MILTON, Ga. —Milton High School junior Matt D’Amico will soon be planting a garden the whole community can enjoy at Milton’s Fire Station No. 42, located 15240 Thompson Road.
It’s part of D’Amico’s Eagle Scout project for Milton’s Troop 3000. An Eagle Scout is the highest ranking level in Boy Scouts.
Several months ago, Milton Sustainability Coordinator Cindy Eade approached Troop 3000 to encourage the Boy Scouts to create demonstration gardens as part of the city’s National Wildlife Federation Community Wildlife Habitat Certification project.
These gardens are created, “so residents can become inspired to make gardens in their own yard,” said D’Amico.
Fire Station No. 42 has a lawn out front that firefighters maintain during their downtime.
The station uses a rain barrel to collect water for its plants. Last summer, it was used to water the garden the firefighters planted along the side of the building.
D’Amico had to have his plan approved by his troop, the Milton District of the Boy Scouts of America and Milton Fire Chief Robert Edgar before he could begin fundraising or recruiting volunteers.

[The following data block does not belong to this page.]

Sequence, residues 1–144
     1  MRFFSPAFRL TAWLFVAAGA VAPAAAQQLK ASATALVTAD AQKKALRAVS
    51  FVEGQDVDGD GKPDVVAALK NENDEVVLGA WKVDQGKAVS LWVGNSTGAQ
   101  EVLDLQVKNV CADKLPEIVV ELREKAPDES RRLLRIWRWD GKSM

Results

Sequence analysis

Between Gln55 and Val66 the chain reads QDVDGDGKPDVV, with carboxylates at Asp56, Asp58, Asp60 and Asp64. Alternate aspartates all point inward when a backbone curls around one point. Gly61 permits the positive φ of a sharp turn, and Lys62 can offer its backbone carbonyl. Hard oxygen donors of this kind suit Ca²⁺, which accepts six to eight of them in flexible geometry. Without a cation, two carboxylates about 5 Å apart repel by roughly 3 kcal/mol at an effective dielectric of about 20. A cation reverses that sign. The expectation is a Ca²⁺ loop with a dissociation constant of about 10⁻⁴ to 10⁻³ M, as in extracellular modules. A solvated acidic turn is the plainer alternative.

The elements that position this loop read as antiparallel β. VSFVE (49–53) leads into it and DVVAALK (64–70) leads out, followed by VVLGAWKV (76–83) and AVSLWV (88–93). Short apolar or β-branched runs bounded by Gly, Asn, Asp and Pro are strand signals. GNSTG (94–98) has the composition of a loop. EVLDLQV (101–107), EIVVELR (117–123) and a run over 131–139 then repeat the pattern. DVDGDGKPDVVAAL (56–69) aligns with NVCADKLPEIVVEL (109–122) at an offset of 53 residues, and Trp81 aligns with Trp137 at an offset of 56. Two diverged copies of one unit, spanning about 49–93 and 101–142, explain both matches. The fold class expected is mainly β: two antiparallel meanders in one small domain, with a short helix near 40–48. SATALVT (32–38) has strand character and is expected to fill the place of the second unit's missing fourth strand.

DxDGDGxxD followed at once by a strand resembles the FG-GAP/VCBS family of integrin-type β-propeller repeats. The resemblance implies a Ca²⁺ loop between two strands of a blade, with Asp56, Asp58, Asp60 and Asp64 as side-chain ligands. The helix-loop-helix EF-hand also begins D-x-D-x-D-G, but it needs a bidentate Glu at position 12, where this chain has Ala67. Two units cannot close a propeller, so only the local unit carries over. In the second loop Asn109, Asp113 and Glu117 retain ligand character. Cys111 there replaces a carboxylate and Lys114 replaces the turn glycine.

D’Amico’s plans involve a birdbath, a path of slate chips accessible for those using walkers or wheelchairs as well as an arbor and plants native to Georgia that will attract birds and butterflies.
“It’s something for the community to see and enjoy,” said Edgar. “We welcome the community to our fire station.”
D’Amico hopes to complete the project in six months, but he must first raise $750 he’s budgeted.
He has sent letters to family and friends to ask for contributions and will fundraise through events like a cookout or car wash.
If there is a shortage at the end, he’ll use his own money to make up the difference. Some of the supplies he will need may be donated.
D’Amico’s father Chris D’Amico said building the demonstration garden teaches his son about business.
On a weekend in May, D’Amico and 15 recruited volunteers will spend two days planting the garden.
D’Amico said the purpose of an Eagle Scout project is to “create something that will be left behind. It’s part of us being part of the community. There’s going to be room for other Scouts to improve on it.”